Hon KP Chan on Motion on Deferring Enforcement of Minimum Wage:
• Minimum wage is now launched after many years of joint effort of workers, employers and the Government. Its primary purpose is to provide relief to the working-poor through livelihood protection for hundreds of thousands of workers at the grassroot layer of labour force. Many countries and areas have minimum wages in force already. As a caring society that respects human rights, Hong Kong is obliged to follow.
• The minimum wage law in Hong Kong has just come into effect. Like all new legislations, technical and enforcement hiccups are not unusual at the outset. These problems are unrelated to the policy itself. With rising inflation and consumer prices, there is no disagreement in providing essential protection in livelihood for grassroots. The current disputes concern technical and operational details. They relate to benefits of meal hours and rest days. In my view, the guiding principle here is that wages and benefits of workers should not be worse off after the launch of minimum pay.
• Actually, workers and employers may confer with mutual understanding and mutual reconciliation to resolve their differences in meal hours and rest days without affecting the enforcement of minimum pay. I believe that labour disputes should always be resolved through mediation between workers and employers. Lately, trade unions and trade associations have reached consensus on the meal hours of security guards. They used to be controversial issues. Shifts of more than eight hours are now eligible for paid meal hours. This is indeed typical of the spirit of mutual understanding and mutual reconciliation between our workers and businessmen. It also demonstrates the sincerity of businessmen in taking up the social responsibility of helping improve livelihood of workers.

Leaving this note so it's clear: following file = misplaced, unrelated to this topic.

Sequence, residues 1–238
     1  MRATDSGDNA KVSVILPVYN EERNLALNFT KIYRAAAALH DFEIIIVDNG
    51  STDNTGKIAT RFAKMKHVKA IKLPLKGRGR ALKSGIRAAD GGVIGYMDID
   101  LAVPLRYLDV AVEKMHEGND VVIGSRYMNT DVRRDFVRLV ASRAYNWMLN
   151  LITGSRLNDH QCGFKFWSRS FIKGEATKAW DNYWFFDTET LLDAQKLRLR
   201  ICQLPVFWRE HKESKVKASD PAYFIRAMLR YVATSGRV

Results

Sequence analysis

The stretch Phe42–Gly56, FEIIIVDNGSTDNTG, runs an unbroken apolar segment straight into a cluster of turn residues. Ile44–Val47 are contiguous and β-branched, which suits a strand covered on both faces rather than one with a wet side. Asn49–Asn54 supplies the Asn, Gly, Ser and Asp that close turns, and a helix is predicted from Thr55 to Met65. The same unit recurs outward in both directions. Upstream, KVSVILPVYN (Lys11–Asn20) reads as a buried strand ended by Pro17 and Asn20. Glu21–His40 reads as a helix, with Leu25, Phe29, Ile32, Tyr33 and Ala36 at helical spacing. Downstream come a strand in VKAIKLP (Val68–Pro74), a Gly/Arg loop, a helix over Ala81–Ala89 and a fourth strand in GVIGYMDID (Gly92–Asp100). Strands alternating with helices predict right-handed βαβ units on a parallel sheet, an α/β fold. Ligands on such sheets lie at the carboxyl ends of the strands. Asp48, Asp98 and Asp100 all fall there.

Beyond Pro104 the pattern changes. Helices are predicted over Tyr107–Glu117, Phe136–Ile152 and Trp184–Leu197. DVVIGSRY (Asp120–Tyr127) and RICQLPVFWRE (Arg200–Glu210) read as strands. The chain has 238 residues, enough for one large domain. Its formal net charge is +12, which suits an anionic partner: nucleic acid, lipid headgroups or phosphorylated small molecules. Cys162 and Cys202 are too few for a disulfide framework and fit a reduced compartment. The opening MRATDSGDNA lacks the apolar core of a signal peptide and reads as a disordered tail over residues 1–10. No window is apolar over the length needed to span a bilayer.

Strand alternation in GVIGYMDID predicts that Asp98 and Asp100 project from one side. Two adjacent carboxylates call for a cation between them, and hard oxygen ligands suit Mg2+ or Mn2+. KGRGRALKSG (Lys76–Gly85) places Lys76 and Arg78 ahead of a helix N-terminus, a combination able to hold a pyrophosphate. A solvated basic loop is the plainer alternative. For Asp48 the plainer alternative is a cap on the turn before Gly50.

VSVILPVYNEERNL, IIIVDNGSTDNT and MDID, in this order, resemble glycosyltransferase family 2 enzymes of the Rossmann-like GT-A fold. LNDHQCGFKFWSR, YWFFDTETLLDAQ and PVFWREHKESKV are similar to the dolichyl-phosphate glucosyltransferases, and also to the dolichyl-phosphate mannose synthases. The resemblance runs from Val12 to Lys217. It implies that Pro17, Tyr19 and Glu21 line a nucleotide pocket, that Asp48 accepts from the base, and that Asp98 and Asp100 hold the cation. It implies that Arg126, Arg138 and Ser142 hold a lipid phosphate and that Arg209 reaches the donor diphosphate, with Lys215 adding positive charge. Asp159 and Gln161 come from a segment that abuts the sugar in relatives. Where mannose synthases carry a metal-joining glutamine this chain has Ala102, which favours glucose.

• We all realize that payment for meal hours and rest days are not statutory. Many small and medium businesses do wish that they could afford to meet aspirations of workers. In the wake of rising operating costs, they are worrying that such benefits would be “the last two straws that crack the camel’s back”. These businesses are afraid that they would eventually close their doors under unsustainable cost pressure. While we compliment employers who could afford payment for meal hours and rest days, we should not condemn those who could not for various reasons. Since they are not unscrupulous, smearing is unfair. Workers and employers share the same boat and their relationship should always be cooperative.
• I am convinced that most employers in Hong Kong are law-abiding and solemnly helping workers to improve their livelihood. If employers deliberately break the law, there should be no clemency. When a new law is introduced, it is understandable that the community needs time to familiarize with it. If employers merely misunderstand the law, any infringement should be dealt with leniency. It is the duty of the Government to mediate and handle with common sense. Meanwhile, the Government should also step up promotion and publicity to educate the public on the calculation of minimum pay. As such, unintentional violation of the law would be duly avoided.
• Deferral of enforcement would simply mean suspension of the law. A more practical way in the circumstances is to put more resources in promotion and publicity of the new law. It has taken many years for the Government to reach consensus with workers and employers to launch the minimum pay. All parties take time to further reconcile among themselves. Notwithstanding, the fact is that hundreds of thousands of workers are benefiting from it. All employers in Hong Kong are proud to provide a caring and prestigious working environment and to help improve workers’ livelihood.